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English has borrowed heavily from French ?

Yes, English has borrowed many words from French throughout its history. This is largely due to the fact that the Normans, who were originally Vikings from present-day Denmark and Norway, conquered England in 1066 and established a French-speaking ruling class. This led to a significant influx of French words into the English language, particularly in the areas of government, law, and the military. Additionally, the two languages have had a close relationship throughout history, with French being a major influence on the development of the English language.


OVER 10,000 ENGLISH WORDS COME FROM FRENCH. MANY OTHER COME FROM LATIN, THE LANGUAGE FROM WHICH FRENCH IS ORIGINATED.

There are many French words used in English, as English has borrowed heavily from French throughout its history. Some examples include:



  • Cul-de-sac (dead end street)

  • Rendezvous (a planned meeting

  • Façade (the front of a building)

  • Bureau (an office or desk)

  • Protégé (a person under the protection or patronage of another)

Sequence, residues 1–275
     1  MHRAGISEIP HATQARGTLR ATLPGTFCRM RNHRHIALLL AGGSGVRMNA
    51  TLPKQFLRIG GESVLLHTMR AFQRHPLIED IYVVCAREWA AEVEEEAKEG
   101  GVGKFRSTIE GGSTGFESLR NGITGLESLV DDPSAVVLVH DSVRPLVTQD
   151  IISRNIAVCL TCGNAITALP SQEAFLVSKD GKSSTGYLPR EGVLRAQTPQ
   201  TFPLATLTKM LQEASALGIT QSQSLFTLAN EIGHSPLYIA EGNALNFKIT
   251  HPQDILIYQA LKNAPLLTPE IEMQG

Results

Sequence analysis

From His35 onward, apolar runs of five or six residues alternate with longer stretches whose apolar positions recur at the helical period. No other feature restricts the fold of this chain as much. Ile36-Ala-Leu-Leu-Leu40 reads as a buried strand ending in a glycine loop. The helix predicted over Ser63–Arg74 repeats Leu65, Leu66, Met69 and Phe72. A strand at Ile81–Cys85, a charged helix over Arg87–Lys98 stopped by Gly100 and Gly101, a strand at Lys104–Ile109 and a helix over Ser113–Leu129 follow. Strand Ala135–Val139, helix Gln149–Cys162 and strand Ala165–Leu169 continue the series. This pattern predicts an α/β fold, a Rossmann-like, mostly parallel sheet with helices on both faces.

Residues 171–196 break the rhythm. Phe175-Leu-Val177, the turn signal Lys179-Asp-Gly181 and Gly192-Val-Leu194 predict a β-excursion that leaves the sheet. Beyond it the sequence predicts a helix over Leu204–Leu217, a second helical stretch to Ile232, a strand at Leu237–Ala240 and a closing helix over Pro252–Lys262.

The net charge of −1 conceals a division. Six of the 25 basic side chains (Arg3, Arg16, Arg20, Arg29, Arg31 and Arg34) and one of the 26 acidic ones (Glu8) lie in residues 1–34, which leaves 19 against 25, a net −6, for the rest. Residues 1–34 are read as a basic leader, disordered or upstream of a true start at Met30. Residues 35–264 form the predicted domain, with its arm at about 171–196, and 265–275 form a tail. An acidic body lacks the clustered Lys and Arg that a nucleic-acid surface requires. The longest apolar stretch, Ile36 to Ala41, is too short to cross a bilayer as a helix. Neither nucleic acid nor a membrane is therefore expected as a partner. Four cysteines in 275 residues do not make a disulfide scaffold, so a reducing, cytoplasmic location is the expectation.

• Menu (a list of dishes offered in a restaurant)

  • Déja vu (the feeling of having experienced something before)

  • Touché (acknowledgement of a hit in fencing or a clever point made in an argument)

  • Elite ( the best or most skilled members of a group)

  • Souvenir (a reminder of a past event)

  • Boutique (a small shop or business)

  • Cuisine (cooking or a type of food)

  • Resume (a summary of one's work experience)

  • Déja vu (the feeling of having experienced something before)

  • A la carte (offering individual items on a menu rather than a set meal)

  • Et cetera (and so forth)

  • Fiancé (a man to whom one is engaged to be married)

  • Femme fatale (a seductive and dangerous woman)

  • Chef (a professional cook)

  • Croissant (a type of pastry)